The volunteering project in Poland is over and I am comfortably sitting in a train towards Joensuu, Finland to spend Christmas with my beloved family. It’s surreal how quickly time passed while being in Poland and I can hardly believe the year is approaching its end and I’m already back in Finland (only till January 3 though). My time in Poland was unforgettable – thanks to my adorable volunteering colleagues who made it so special – and I will always carry the memories with me! It is impossible to conclude the enormous amount of learning during the project but I am highlighting the most important ones in this post.
About the Polish school system
Working at the local schools provided me an excellent glimpse of the Polish school system. Coming from Finland, it was strange to be called pani (Mrs.) by the students instead of my name. However, the power distance between the students and teachers in Poland is larger than in Finland and hence students don’t call the teachers by their name. Another thing to highlight the more conservative culture is that sexual education at schools is right now being banned by law and teachers providing any sexual education could possibly be imprisoned. I am ever prouder of the Finnish education after hearing this.
Something else that I couldn’t really get my head around was the evident categorisation to good and bad students. When visiting schools it was really normal to hear from the teachers that “this class is not brilliant” or “these are smart kids as they are having more courses in mathematics”. Students are grouped up with other students that are seen to be on the same level resulting in a situation where some of the classes are namely better than others and teachers don’t really think they can do much to help the “worse” children to learn. Often it turned out that the teachers’ judgements didn’t have anything to do with what happened in real life and often the “not-so-brilliant” students were very respectful, speaking very good English and participating actively.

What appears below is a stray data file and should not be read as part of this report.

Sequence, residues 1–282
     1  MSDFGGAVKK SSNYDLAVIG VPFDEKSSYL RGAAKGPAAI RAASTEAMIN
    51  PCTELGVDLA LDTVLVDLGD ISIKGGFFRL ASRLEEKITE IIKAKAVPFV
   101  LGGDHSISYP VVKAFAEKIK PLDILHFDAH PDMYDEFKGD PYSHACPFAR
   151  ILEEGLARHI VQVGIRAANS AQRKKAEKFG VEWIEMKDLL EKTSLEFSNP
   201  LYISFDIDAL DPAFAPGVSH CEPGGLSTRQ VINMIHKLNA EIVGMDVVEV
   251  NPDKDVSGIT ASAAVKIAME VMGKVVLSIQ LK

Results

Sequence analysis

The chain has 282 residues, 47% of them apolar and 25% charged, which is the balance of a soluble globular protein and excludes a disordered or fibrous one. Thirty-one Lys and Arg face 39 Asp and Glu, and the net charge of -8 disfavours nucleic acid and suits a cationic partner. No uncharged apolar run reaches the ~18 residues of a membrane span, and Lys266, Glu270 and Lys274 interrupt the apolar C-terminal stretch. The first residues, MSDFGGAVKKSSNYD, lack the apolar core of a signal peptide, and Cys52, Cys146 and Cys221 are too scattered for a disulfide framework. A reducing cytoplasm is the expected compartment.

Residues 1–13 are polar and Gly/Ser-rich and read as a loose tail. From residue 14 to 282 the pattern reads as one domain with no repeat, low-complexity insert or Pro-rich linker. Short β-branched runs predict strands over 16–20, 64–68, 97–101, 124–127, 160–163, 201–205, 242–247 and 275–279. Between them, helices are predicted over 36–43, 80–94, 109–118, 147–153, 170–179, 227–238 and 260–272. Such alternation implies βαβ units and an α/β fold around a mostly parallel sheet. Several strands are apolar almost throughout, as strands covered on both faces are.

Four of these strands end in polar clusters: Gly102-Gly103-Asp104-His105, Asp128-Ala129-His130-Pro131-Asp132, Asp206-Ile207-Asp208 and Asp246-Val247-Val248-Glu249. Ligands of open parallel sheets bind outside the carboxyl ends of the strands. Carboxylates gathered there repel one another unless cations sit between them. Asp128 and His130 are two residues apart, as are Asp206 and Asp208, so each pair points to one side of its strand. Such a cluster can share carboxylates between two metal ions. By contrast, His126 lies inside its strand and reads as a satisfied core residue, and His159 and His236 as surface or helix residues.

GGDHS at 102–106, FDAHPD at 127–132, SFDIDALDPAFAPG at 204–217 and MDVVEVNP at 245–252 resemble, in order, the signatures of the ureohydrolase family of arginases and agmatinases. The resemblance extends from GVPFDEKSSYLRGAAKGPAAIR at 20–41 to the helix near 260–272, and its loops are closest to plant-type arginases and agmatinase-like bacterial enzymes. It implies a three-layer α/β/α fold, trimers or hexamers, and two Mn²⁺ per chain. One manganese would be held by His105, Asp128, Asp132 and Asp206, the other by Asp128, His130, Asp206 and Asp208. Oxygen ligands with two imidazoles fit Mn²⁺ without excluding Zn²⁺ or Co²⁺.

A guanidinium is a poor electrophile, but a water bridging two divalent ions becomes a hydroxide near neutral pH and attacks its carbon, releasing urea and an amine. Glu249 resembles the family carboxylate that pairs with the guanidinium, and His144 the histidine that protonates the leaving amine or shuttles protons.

I acknowledge that teachers in Poland are not having really great work conditions and as a teacher you may earn less than as a waiter which does not really compensate the need to have a university degree. Also, same teachers have to teach both 6-year-olds and teenagers of the age 14, which requires a lot of skill and planning as teaching children is more different from teaching teenagers than it may sound. Still, I feel like there is something off balance. It seems that many of the teachers feel that the students are problematic and some of them are already lost causes without any possibilities to have a bright future. To me, it seemed more like the students are not really having opportunities to use or even find their potential as they have already been put into categories and if you are one of the kids in the “bad” class, you are not really worth anyone’s contribution. Furthermore, when the students were taking a moment to think about an answer or finding the right English word, the teachers often hurried giving the answer themselves hence stealing the learning experience from the students. Polish youngsters, hear me out, you are great! You are at least as brilliant as in any other country so don’t let the system beat you!
About other cultures